Purpose: Prognosis of patients with advanced oral cavity cancer is worth improving. Chemotherapy has been reported to be especially active in oral cavity tumors. Here we repeat the results of a randomized, multicenter trial enrolling patients with a resectable, stage T2-T4 (> 3 cm), N0-N2, M0 untreated, squamous cell carcinoma of the oral cavity. Patients and Methods: Patients were randomly assigned to three cycles of cisplatin and fluorouracil followed by surgery (chemotherapy arm) or surgery alone (control arm). In both arms, postoperative radiotherapy was reserved to high-risk patients, and surgery was modulated depending on the tumor's closeness to the mandible. Patients' accrual was opened in 1989 and closed in 1999. It included 195 patients. Results: In the chemotherapy arm, three toxic deaths were recorded. No significant difference in overall survival was found. Five-year overall survival was, for both arms, 55%. Postoperative radiotherapy was administered in 33% of patients in the chemotherapy arm, versus 46% in the control arm. A mandible resection was performed in 52% of patients in the control arm, versus 31% in the chemotherapy arm. Conclusion: The addition of primary chemotherapy to standard surgery was unable to improve survival. However, in this study, primary chemotherapy seemed to play a role in reducing the number of patients who needed to undergo mandibulectomy and/or radiation therapy. Variations in the criteria used to select patients for these treatment options may make it difficult to generalize these results, but there appears to be room for using preoperative chemotherapy to spare demolitive surgery and/or radiation therapy in patients with advanced, resectable oral cavity cancer.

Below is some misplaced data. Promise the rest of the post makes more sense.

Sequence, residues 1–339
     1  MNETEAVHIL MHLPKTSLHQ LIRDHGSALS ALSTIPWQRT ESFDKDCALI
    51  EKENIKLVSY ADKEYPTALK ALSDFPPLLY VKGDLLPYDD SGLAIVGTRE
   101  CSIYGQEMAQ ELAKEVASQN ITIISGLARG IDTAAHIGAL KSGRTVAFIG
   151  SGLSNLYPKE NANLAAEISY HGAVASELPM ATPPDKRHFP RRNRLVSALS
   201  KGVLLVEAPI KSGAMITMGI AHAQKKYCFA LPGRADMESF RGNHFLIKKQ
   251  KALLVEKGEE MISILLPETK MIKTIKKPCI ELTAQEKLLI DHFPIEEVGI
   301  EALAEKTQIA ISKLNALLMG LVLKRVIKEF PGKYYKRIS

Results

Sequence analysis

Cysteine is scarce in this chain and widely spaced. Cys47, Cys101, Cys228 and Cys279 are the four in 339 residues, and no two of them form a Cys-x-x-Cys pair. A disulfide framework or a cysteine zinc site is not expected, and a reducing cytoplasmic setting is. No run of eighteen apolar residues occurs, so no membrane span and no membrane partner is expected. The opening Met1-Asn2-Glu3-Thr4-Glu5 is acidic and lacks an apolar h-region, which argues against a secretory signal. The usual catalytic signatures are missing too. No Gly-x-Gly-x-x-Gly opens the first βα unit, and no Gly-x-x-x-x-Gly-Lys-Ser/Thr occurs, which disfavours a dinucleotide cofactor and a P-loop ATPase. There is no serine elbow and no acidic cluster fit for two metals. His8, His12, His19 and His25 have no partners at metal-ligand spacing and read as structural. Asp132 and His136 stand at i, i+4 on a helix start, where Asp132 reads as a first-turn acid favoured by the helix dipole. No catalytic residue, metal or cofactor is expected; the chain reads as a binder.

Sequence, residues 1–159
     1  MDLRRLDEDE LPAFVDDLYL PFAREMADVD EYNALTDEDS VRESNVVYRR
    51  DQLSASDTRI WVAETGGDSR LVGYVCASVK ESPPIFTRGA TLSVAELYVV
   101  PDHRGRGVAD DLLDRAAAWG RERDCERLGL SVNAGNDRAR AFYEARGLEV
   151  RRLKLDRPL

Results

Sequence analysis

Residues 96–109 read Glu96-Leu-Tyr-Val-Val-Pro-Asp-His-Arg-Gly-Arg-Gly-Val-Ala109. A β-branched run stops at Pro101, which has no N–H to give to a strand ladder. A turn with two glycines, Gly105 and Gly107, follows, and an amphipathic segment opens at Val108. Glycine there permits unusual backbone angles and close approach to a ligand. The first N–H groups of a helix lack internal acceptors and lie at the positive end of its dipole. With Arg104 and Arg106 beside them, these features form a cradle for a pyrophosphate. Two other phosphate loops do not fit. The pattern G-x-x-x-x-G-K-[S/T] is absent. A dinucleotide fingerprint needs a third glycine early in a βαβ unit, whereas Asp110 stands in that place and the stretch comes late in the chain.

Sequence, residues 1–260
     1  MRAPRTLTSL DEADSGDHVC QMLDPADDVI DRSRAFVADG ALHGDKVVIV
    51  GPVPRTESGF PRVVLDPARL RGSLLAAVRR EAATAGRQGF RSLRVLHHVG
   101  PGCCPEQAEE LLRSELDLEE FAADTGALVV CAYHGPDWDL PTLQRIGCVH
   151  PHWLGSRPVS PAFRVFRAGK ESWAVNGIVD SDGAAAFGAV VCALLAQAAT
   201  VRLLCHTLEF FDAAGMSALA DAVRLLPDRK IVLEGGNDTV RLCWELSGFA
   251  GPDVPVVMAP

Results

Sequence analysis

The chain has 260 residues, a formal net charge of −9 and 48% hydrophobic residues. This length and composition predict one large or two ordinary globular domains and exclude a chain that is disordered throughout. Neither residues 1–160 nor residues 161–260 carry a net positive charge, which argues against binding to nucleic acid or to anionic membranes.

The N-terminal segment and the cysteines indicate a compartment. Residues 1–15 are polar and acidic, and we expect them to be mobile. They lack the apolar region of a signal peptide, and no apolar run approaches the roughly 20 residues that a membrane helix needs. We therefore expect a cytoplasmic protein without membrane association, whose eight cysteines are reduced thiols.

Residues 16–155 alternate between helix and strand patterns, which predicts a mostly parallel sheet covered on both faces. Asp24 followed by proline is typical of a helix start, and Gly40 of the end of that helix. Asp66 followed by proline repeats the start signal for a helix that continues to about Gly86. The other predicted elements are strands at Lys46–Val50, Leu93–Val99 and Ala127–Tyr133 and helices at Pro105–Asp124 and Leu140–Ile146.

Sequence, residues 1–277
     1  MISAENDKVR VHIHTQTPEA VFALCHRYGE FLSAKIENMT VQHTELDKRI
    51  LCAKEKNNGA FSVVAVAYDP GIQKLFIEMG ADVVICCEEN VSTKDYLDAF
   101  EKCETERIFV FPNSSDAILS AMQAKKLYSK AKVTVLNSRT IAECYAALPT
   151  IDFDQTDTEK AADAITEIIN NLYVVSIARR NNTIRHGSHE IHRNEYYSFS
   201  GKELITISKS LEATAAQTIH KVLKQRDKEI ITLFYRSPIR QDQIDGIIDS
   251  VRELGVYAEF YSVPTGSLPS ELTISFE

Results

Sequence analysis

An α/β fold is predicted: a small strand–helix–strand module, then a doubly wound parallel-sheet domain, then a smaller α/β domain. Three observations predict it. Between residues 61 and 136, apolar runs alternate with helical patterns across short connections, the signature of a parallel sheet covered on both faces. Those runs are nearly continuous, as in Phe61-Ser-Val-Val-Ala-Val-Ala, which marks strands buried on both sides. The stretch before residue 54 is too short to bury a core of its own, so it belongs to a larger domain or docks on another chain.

ASJC Scopus subject areas
- Cancer Research